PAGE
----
NM GOP chief asked Rove to fire U.S. attorney
Rove was urged to fire U.S. attorney in N.M.
State's Republican chairman says he made request in
Originally published March 11, 2007
WASHINGTON // Presidential adviser Karl Rove and at
least one other member of the White House political
team were urged by the New Mexico Republican Party
chairman to fire the state's U.S. attorney because of
dissatisfaction in part with his failure to indict
Democrats in a voter fraud investigation in the
battleground election state.
In an interview yesterday with McClatchy Newspapers,
Allen Weh, the party chairman, said he complained in
2005 about then-U.S. Attorney David Iglesias to a
White House liaison who worked for Rove and asked that
he be removed. Weh said he followed up with Rove
personally in late 2006 during a visit to the White
"Is anything ever going to happen to that guy?" Weh
said he asked Rove at a White House holiday event that
"He's gone," Rove said, according to Weh.
"I probably said something close to 'Hallelujah,'"
Weh's account calls into question the Justice
Department's stance that the recent decision to fire
Iglesias and seven U.S. attorneys in other states was
a personnel matter - made without White House
intervention. Justice Department officials have said
the White House's involvement was limited to approving
a list of the U.S. attorneys after the Justice
Department made the decision to fire them.
Rove could not be reached yesterday, and the White
House and the Justice Department had no immediate
"The facts speak for themselves," Iglesias said, when
he was told of Weh's account of his conversation with
Weh's disclosure comes as Congress investigates the
firings of the U.S. attorneys, most of whom had
positive job evaluations, including Iglesias.
Democrats have charged that the Bush administration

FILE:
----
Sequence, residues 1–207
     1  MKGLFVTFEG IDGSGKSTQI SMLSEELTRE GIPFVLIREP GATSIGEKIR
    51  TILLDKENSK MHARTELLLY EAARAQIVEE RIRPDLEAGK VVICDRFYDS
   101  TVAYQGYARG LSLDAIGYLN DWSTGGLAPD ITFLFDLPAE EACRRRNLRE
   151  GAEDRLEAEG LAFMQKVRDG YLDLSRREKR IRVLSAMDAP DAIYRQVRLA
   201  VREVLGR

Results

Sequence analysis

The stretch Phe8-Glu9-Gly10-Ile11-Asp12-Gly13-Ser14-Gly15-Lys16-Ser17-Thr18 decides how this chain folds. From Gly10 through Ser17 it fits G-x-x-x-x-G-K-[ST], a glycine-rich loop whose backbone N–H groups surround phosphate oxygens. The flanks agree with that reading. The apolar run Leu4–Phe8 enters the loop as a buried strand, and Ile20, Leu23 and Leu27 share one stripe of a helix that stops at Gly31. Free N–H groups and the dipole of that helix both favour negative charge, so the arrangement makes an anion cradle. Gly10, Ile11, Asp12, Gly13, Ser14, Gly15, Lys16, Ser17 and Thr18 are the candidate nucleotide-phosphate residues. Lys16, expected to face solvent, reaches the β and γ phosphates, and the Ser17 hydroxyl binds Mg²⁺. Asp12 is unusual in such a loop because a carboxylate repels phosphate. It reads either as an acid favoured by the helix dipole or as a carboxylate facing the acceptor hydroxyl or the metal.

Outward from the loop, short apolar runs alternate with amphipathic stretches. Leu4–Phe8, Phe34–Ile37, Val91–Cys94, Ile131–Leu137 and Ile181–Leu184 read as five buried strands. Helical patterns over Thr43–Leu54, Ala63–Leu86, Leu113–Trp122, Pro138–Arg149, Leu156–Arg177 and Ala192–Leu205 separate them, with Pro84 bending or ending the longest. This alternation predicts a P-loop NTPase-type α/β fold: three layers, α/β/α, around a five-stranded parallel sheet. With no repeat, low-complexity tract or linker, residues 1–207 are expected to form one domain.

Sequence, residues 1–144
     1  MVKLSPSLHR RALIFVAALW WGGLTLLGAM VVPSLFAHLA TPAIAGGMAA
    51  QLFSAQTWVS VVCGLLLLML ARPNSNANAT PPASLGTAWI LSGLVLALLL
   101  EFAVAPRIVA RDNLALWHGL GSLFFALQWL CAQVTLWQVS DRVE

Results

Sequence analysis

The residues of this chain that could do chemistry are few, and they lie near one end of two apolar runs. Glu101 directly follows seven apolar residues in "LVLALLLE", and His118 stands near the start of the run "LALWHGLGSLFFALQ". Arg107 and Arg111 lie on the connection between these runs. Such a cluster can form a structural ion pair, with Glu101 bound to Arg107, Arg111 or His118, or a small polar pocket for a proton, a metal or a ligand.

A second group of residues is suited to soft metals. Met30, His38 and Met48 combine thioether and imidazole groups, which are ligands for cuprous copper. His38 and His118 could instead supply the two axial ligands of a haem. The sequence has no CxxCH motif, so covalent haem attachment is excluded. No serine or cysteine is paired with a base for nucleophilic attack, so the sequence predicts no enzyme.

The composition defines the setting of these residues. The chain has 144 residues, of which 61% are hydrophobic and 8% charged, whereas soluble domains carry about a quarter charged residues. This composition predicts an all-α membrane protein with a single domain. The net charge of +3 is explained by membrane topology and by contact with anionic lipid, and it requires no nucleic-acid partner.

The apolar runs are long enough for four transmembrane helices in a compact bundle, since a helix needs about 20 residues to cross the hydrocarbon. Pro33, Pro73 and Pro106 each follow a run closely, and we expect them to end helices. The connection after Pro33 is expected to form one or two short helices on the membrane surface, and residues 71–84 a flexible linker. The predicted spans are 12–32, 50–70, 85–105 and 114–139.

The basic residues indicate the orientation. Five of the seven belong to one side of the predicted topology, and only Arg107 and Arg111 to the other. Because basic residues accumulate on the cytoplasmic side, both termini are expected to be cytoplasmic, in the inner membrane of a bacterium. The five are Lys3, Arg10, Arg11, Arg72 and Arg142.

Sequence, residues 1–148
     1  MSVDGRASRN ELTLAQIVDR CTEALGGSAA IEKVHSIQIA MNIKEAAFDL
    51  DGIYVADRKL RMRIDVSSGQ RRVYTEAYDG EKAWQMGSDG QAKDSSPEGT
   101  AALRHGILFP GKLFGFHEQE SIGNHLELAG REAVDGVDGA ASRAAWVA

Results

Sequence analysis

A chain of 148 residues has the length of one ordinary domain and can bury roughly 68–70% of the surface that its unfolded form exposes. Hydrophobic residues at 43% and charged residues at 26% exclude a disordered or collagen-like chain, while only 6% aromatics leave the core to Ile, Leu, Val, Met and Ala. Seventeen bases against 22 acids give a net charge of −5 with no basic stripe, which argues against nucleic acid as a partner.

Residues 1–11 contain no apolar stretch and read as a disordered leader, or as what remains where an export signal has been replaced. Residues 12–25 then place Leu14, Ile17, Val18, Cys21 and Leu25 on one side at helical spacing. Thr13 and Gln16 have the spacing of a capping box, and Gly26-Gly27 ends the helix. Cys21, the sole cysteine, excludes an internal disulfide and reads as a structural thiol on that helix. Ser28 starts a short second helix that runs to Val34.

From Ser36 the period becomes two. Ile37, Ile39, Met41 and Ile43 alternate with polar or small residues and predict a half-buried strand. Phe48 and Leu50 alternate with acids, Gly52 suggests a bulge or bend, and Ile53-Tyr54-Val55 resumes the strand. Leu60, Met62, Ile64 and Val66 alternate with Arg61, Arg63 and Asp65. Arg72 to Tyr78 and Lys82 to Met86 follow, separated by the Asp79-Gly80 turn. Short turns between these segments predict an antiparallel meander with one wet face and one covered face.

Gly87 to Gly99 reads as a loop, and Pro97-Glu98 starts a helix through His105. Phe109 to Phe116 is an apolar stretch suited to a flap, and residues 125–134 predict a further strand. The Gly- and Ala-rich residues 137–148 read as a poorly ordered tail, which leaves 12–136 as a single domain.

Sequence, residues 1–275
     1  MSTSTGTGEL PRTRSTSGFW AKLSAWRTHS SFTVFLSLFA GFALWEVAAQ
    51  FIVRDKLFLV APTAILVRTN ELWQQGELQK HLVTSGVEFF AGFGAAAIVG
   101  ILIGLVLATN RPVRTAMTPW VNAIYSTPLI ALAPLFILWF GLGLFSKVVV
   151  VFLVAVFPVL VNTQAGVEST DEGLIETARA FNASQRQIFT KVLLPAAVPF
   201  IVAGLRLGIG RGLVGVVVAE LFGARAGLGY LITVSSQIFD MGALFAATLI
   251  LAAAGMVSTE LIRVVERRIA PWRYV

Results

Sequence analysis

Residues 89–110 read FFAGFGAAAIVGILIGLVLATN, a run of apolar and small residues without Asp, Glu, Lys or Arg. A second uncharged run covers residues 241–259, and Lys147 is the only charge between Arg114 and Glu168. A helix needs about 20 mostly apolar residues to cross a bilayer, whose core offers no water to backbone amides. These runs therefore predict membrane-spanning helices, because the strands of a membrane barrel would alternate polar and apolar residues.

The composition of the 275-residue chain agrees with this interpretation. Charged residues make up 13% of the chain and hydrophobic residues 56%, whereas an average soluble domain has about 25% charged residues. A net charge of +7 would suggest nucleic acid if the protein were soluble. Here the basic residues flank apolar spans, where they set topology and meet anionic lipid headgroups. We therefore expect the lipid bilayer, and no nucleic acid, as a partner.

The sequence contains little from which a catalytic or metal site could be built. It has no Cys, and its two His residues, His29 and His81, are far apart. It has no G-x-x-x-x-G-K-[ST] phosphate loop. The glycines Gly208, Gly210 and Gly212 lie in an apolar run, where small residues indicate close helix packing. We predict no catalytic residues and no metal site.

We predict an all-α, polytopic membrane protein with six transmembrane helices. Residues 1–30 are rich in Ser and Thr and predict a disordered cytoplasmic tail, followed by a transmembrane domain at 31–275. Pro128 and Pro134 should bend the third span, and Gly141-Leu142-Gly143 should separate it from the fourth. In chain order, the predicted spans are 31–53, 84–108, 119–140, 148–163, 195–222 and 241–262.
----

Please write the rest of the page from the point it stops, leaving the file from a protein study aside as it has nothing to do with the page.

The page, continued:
tried to inject partisan politics into federal
prosecutions in order to influence election outcomes.
Weh said he doesn't know whether Rove was directly
involved in the firing or was merely advised of the
Weh insisted this wasn't about partisan politics.
"There's nothing we've done that's wrong," he said.
"It wasn't that Iglesias wasn't looking out for
Republicans. He just wasn't doing his job, period."
But Iglesias, who was fired Dec. 7, said he believes
politics was the driving force. He accused Republicans
Sen. Pete V. Domenici and Rep. Heather A. Wilson of
trying to pressure him to bring indictments against
several Democrats in time for the 2006 congressional
Domenici and Wilson acknowledge calling Iglesias but
deny pressuring him.
Justice Department officials have revealed Domenici
repeatedly contacted officials within the department
requesting Iglesias' removal. But when asked Friday
whether he contacted Rove about the issue, Domenici
said he could not remember.
Defense lawyers trying to convince juries to acquit
their clients in corruption cases often accuse the
government of mounting political vendettas against
their clients. But it's virtually unheard of to have
the former U.S. attorney in the case to be offering
possible evidence of such interference.
"Anyone with any experience within the Justice
Department is completely shocked and appalled by what
has been described," said Stanley Hunterton, a former
federal prosecutor of 12 years. "One of the things the
Department has stood for was being apolitical. Sure,
politics does gets involved in the appointment
process, but this is just nuts."